“A man builds a fine house; and now he has a master, and a task for life: he is to furnish, watch, show it, and keep it in repair, the rest of his days.” ~ Ralph Waldo Emerson
My husband is a fine house whisperer. This morning, our washing machine broke for the
sixth, seventh, eighth time. Ron ordered a special part from the United States and I brought it back for him, but when he tried to put the part in the machine, it didn’t fit. Because he is a man of many talents, he creatively patched the new part and made it fit. It’s not like we can return the items we order from the U.S.
One of the biggest things we’ve learned in living in Nicaragua, and especially on a small island, is that we have to rely on ourselves to be the handyman and woman. Locals will tell you they know how to do electrical and plumbing work, but we’ve found their skills to be sadly…and sometimes, horribly lacking…like the time our workers plumbed our new bathroom, and we turned on the water for the first time. Water sprayed everywhere.
More things to consider are that appliances and other items we buy in Nicaragua are usually not of the best quality, or the latest product, and the directions are in Spanish, making it difficult to translate. Electronics, like TVs, cell phones, and computers, are at least double the price, too.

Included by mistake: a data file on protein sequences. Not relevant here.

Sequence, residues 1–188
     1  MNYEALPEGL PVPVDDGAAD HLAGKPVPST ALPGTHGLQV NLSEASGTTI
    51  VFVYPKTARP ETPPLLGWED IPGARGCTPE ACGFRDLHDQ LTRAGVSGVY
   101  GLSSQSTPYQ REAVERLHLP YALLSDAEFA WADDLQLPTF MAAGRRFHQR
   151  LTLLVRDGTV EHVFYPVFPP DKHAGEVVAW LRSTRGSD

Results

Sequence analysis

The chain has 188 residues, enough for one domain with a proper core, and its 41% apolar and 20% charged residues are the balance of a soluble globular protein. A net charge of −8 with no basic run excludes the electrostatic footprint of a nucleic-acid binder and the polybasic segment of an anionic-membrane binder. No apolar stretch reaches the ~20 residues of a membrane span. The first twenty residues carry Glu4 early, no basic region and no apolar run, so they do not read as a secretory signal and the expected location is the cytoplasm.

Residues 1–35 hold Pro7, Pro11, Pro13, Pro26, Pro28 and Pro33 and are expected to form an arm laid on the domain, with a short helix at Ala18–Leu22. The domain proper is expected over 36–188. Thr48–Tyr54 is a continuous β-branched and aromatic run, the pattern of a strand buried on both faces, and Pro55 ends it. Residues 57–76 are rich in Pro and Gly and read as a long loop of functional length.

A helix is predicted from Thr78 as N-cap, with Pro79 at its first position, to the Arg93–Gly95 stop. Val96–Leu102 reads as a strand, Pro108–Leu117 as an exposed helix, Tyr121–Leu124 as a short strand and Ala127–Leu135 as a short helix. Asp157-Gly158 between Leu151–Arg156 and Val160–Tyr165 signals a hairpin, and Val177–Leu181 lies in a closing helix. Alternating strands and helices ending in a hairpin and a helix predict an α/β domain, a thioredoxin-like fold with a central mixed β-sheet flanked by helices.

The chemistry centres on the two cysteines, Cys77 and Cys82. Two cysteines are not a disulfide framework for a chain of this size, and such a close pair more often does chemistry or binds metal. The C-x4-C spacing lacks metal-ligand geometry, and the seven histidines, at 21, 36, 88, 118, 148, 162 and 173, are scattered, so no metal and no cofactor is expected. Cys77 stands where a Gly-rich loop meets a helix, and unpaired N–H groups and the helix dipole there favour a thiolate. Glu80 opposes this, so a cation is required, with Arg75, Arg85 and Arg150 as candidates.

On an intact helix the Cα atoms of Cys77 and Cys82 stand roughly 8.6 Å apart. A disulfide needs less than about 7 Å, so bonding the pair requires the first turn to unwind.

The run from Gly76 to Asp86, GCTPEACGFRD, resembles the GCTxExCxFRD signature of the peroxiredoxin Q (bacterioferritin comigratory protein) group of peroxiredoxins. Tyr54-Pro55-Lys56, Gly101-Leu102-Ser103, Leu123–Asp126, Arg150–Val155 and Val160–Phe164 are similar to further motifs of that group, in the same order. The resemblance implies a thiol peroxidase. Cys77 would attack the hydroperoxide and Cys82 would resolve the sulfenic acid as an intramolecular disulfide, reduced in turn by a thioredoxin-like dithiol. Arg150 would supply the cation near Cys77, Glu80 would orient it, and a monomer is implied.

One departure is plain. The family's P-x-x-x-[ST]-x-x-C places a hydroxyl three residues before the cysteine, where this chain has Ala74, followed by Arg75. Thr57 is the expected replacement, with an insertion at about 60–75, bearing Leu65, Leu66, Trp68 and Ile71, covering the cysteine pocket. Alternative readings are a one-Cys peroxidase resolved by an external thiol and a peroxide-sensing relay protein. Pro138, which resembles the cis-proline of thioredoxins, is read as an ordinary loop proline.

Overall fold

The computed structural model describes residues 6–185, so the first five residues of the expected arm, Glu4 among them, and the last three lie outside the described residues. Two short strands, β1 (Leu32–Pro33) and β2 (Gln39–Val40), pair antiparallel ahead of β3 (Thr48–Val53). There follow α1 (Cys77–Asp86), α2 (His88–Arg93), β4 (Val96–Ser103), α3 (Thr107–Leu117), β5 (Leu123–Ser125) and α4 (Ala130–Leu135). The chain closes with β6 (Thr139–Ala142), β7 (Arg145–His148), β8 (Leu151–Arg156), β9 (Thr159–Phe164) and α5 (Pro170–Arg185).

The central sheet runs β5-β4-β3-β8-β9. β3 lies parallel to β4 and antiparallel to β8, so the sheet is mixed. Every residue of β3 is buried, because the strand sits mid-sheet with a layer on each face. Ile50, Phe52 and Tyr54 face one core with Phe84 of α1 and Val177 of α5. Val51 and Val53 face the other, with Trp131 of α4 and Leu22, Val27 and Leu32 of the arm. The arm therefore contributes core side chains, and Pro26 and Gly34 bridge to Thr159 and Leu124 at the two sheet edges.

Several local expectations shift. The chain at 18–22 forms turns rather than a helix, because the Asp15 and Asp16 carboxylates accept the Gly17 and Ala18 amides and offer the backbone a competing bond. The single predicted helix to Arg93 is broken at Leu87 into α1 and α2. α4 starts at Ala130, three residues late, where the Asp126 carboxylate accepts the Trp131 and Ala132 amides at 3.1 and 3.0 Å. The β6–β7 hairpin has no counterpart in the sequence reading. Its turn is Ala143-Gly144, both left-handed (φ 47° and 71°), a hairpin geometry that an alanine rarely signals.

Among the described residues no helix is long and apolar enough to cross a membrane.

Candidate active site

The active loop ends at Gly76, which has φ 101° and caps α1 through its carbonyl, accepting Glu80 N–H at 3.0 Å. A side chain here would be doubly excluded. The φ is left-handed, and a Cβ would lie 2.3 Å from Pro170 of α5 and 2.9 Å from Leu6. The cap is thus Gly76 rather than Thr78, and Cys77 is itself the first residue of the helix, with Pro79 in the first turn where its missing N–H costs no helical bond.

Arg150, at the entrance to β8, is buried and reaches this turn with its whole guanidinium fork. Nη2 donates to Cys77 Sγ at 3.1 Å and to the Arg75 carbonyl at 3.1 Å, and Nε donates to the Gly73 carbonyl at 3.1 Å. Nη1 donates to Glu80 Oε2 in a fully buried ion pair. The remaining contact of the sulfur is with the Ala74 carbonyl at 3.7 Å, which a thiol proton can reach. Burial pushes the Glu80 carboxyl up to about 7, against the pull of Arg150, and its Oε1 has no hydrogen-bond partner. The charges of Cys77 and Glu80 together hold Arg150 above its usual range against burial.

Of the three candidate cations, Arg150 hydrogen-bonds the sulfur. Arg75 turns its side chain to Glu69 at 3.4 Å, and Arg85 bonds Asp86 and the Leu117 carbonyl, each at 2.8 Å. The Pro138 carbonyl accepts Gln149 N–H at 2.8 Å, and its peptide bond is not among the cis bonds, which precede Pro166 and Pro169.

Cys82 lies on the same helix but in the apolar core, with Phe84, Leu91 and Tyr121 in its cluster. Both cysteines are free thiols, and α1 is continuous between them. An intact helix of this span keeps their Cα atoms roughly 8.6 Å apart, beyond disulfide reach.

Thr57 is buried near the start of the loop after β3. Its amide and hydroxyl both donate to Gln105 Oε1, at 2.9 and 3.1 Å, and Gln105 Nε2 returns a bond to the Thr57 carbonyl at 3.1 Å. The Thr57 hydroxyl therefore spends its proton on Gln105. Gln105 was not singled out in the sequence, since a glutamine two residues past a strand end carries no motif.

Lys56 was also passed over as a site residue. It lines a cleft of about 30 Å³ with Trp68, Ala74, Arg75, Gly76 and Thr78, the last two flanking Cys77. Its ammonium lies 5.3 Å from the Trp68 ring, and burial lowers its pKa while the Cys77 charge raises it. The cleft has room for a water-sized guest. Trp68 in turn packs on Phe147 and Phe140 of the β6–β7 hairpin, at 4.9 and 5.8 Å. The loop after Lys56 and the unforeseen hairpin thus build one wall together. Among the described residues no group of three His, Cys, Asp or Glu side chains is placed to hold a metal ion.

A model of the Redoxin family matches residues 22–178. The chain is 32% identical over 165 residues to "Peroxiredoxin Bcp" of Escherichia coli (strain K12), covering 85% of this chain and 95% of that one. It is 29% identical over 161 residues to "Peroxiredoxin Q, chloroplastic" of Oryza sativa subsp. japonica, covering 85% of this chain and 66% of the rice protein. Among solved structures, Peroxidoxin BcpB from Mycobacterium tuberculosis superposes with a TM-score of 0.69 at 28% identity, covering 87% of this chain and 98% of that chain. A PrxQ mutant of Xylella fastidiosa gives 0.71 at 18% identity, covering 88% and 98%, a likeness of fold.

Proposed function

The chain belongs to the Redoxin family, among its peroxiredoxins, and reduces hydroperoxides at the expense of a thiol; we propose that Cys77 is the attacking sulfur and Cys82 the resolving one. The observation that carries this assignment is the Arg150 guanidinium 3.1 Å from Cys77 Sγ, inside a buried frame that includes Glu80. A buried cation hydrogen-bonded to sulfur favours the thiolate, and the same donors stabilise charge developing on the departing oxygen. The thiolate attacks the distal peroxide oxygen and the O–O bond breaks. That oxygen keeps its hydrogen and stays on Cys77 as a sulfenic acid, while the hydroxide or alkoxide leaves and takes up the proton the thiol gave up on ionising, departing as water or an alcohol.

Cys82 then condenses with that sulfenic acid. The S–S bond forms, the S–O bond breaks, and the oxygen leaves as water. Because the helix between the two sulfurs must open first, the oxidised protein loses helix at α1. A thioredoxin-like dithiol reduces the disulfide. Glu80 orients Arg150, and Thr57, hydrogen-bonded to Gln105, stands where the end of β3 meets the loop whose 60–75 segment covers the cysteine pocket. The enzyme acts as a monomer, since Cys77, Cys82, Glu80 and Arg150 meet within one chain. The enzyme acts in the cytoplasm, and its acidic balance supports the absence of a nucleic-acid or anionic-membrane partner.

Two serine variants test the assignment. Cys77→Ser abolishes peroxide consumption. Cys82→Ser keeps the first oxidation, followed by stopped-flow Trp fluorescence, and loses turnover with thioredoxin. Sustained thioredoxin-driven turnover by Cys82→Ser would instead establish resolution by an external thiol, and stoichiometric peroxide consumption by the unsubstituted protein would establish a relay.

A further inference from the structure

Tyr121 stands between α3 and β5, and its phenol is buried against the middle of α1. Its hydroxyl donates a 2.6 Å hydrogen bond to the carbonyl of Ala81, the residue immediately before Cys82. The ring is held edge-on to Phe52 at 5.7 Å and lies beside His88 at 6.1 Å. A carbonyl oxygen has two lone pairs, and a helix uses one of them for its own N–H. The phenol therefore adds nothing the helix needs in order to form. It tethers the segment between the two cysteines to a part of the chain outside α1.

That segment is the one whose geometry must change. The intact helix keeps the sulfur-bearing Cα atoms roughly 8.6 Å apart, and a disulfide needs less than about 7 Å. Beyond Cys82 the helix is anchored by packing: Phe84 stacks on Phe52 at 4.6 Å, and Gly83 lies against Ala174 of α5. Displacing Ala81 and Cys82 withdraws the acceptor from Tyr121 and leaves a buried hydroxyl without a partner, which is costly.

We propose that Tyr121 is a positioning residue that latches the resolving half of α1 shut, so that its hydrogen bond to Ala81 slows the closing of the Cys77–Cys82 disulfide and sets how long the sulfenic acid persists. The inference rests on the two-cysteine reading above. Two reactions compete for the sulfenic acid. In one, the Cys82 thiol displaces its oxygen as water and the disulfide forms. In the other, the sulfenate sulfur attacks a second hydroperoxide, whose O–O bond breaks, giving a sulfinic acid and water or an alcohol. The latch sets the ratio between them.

Ron has learned to creatively repair what we buy in Nicaragua. As for me…duct tape is my answer to everything. Honestly, I couldn’t live here without Ron because he comes up with some unique solutions for building and repairing.
Sometimes I long for the convenience of a modern Lowes or Home Depot. Most of our hardware stores are small rooms where you have to ask for the item and they search for it in their storage room in the back of the store. With pictures, mime, and Google translate, we usually get our orders. However, not everything is available in Nicaragua.
Ron is building a chain link fence for our new puppy, Cappy. After reviewing wonderful YouTube videos of how to install a chain link fence, we thought the process would be easy. Unfortunately, the hardware is not available in Nicaragua. Instead, Ron is using PVC pipe, cement, and rebar to create a strong chain link fence for Cappy. If it were up to me, I’m sure duct tape would be part of the process.
Have I told you how grateful I am for my husband, the house whisperer? He now has a master and a task for life…especially considering we live in Nicaragua on a small island, in the middle of the sweet sea, in the middle of Central America.
Have you worked on home improvement projects where you lack the basic supplies and materials? How did your projects turn out?